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Drainage System of India, Types of Drainage System in India

Drainage System

Drainage System: The flow of water through well-defined channels is known as drainage and the network of such channels is called a ‘drainage system’. The drainage system of an area is the outcome of the geological time period, nature and structure of rocks, slope, topography, amount of water flowing, and the periodicity of flow. An elevated area that separates two drainage basins is called a ‘water divide’.

Drainage System of India

The world’s largest drainage basin is the Amazon river and in India, the river Ganga has the largest river basin. There are some different drainage patterns which are as follows:

  1. Dendritic Drainage System: The drainage system resembling the branches of a tree is known as dendritic.
  2. Radial Drainage System: When the rivers originate from a hill and flow in all directions, the drainage pattern is known as radial.
  3. Trellis Drainage System: When the primary tributaries of a river flow parallel to each other and secondary tributaries join them at right angles, the pattern is known as a trellis.
  4. Centripetal Drainage System: When the rivers discharge their waters from all directions in a lake or depression, the pattern is known as centripetal.

Different Drainage System of India

Indian Drainage System is ancient and divided into two types which are based on the discharge of water (orientation to the sea).

  1. The Arabian Sea drainage
  2. The Bay of Bengal drainage

These two drainage systems are separated from each other through the Delhi ridge, the Aravallis, and the Sahyadris. Nearly 77% of the drainage is oriented toward the Bay of Bengal while 23% discharges its water into the Arabian Sea.

In this article, we are providing detailed information related to the Indian Drainage System which includes their types, their route, and their categories. The drainage system of India which is by the river is divided into two major groups:

  • The Himalayan Rivers
  • The Peninsular Rivers

The Himalayan Rivers

  • Maximum Himalayan rivers are perennial and have water throughout the year. These rivers’ main source of water is rain as well as melted snow from the mountains.
  • These rivers pass through the giant carved out by the erosional activity carried on simultaneously with the uplift of the Himalayas. Besides deep gorges, these rivers also form V-shaped valleys, rapids, and waterfalls in their mountainous course.
  • In the middle and the lower courses (plains), these rivers form meanders, oxbow lakes, and many other depositional features in their floodplains. These rivers have the tendency to shift their courses frequently e.g, river Kosi which is referred to as the sorrow of Bihar is known for changing its course frequently. The river carries a huge quantity of sediments from its upper reaches and deposits it in the plains. The course gets blocked and consequently, the river changes its course.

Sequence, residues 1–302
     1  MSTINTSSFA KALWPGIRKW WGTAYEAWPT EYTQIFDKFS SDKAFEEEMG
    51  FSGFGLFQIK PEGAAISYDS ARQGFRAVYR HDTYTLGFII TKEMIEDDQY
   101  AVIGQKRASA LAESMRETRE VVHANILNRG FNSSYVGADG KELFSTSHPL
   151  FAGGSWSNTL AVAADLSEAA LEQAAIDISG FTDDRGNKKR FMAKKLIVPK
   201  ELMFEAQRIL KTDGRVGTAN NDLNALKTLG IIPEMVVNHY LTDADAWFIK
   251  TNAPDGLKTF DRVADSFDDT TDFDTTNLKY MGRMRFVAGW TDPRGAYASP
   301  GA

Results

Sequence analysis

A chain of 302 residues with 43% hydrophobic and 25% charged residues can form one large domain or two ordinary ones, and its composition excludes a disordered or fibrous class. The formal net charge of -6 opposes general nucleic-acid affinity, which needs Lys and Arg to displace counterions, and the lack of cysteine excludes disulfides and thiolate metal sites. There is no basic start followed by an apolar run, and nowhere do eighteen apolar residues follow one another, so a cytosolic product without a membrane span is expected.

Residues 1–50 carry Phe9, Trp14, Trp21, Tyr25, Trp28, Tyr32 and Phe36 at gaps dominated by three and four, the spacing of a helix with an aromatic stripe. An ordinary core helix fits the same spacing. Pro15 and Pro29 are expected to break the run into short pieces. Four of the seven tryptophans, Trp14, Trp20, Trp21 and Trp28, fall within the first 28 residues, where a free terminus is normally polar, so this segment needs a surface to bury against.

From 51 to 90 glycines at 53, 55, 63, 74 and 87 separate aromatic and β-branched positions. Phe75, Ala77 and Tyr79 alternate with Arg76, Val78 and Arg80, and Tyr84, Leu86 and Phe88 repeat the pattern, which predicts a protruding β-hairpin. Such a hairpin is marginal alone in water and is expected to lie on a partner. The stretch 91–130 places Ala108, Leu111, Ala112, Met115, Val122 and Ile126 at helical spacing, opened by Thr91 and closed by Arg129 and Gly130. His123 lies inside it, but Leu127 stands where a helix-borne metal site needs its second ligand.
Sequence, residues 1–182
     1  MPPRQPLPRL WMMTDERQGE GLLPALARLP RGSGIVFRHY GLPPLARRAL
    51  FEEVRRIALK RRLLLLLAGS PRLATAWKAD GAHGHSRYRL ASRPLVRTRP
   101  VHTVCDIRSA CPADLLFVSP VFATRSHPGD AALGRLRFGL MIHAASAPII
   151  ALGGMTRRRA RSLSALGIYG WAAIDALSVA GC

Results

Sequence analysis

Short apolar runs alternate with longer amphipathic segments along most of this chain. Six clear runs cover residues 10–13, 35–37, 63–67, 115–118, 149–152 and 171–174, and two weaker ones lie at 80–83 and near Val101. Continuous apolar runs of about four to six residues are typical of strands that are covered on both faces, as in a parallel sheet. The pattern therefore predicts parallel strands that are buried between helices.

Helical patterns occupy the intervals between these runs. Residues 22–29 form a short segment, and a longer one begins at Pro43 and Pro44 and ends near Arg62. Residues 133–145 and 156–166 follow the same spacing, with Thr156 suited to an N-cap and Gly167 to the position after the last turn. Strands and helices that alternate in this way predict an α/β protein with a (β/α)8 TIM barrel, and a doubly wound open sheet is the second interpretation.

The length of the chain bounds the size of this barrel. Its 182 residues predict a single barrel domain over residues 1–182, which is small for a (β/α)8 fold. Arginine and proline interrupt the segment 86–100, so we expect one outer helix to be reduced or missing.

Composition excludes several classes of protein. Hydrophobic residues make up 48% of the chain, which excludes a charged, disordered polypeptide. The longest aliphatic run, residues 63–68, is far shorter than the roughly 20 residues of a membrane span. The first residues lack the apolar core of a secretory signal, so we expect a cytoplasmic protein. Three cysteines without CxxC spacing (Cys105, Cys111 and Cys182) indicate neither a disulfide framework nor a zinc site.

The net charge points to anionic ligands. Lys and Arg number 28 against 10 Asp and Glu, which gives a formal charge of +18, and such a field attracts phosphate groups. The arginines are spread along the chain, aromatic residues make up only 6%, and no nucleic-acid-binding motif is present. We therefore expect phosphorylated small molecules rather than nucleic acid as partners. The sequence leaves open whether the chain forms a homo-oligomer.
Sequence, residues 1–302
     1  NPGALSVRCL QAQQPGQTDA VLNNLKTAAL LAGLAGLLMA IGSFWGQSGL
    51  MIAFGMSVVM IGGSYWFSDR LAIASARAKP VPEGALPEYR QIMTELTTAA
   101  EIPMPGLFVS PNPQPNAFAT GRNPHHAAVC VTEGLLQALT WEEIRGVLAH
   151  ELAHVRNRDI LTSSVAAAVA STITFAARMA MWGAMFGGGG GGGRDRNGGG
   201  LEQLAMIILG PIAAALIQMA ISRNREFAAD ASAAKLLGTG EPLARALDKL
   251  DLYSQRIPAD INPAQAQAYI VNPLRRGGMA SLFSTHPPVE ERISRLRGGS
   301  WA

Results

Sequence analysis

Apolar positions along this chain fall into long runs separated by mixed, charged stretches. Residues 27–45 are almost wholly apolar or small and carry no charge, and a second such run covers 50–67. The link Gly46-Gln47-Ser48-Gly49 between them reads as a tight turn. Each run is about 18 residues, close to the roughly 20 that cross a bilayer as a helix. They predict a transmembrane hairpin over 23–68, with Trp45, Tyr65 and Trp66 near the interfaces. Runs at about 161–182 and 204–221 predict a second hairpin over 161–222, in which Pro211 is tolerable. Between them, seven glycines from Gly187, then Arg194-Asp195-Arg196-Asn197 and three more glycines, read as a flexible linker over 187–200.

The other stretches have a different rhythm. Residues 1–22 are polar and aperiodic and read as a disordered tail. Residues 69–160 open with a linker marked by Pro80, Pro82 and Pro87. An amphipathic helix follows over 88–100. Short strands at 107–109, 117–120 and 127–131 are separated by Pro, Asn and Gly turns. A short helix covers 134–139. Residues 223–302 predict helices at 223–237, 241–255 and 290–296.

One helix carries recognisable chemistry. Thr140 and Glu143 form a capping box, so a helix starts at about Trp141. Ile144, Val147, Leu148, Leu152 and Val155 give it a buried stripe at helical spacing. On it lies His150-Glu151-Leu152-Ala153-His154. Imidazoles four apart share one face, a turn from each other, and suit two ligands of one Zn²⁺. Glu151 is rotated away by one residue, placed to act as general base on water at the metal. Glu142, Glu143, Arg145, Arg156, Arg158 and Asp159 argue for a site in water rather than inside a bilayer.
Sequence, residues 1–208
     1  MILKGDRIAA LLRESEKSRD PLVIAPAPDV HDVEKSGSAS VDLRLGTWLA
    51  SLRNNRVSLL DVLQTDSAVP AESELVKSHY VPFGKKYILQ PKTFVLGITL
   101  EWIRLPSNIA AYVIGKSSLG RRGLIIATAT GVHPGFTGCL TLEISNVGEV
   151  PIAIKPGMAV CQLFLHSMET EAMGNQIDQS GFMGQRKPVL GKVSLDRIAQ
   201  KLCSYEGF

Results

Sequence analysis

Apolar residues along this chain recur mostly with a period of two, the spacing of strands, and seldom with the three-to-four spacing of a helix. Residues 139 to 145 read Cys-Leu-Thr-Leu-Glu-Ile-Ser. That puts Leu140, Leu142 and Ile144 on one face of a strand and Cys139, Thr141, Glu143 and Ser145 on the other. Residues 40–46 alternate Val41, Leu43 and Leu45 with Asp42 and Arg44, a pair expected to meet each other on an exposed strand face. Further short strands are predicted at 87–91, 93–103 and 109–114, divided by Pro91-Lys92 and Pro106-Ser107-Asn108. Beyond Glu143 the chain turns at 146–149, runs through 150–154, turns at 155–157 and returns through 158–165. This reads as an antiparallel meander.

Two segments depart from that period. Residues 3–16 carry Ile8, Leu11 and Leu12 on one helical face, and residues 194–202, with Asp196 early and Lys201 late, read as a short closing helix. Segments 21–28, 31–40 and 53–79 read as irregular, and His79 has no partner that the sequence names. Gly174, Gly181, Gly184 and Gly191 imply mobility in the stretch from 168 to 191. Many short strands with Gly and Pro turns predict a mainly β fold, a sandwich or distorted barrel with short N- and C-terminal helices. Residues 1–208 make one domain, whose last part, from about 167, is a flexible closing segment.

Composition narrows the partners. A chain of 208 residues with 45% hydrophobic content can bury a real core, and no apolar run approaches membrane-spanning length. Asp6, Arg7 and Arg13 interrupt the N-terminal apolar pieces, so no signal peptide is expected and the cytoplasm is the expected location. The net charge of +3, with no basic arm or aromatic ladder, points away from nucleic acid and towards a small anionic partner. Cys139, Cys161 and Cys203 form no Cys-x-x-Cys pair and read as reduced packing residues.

• The three major river systems of the Himalayan drainage systems are the Indus, the Ganga and the Brahmaputra.

The Peninsular Rivers

  • The Peninsular drainage system is older than the Himalayan.
  • Most of the Peninsular rivers are seasonal, as their flow depends largely on the rainfall of the region.
  • The Peninsular rivers have shorter and shallower courses as compared to the Himalayan rivers.
  • Most of the major Peninsular rivers, except Narmada and Tapi, flow towards the Bay of Bengal (west to east). The Chambal, the Sindh, the Betwa, the Ken and the Son originating in the northern part of the Peninsula belong to the Ganga river system. The other important rivers of the Peninsular drainage are the Mahanadi, the Godavari, the Krishna, and the Kaveri.
  • The Western Ghats act as a water divide between the major Peninsular rivers, discharging their water in the Bay of Bengal and the small rivulets joining the Arabian Sea.
  • The Peninsular rivers are characterized by fixed courses, the absence of meanders, and the non-perennial flow of water.
  • The Narmada and Tapi flow through the rift valley.

Here is the list of rivers flowing from east and west flowing rivers. Candidate must refer to this, This will help for the competitive exams for general knowledge. The below table shows the details. The rivers and their origins are mentioned below.

  • Shetrunji – near Dalkahwa in Amreli district (Gujarat).
  • Bhadra – Aniali village in Rajkot district (Gujarat).
  • Dhadhar – near Ghantar village in PanchMahal district (Gujarat).
  • Vaitarna – Trimbak Hills in Nasik District (Maharashtra).
  • Kalinadi – Belgaum district and falls in Karwar Bay.
  • Bedti – Hubli Dharwar (Karnataka).
  • Sharavati – Shimoga district of Karnataka.
  • Mandovi and Juari are the two important rivers of Goa.
  • Bharathapuzha – near Anamalai hills. The river is also known as Ponnani.
  • Periyar – Sivagiri Hills of Western Ghats. It is an important river in Kerala.
  • Pamba – It flows in Kerala and falls in the Vembanad lake.

Latitude and Longitude of India

Medieval History of India

Atmospheric Pressure

Important Days and Dates

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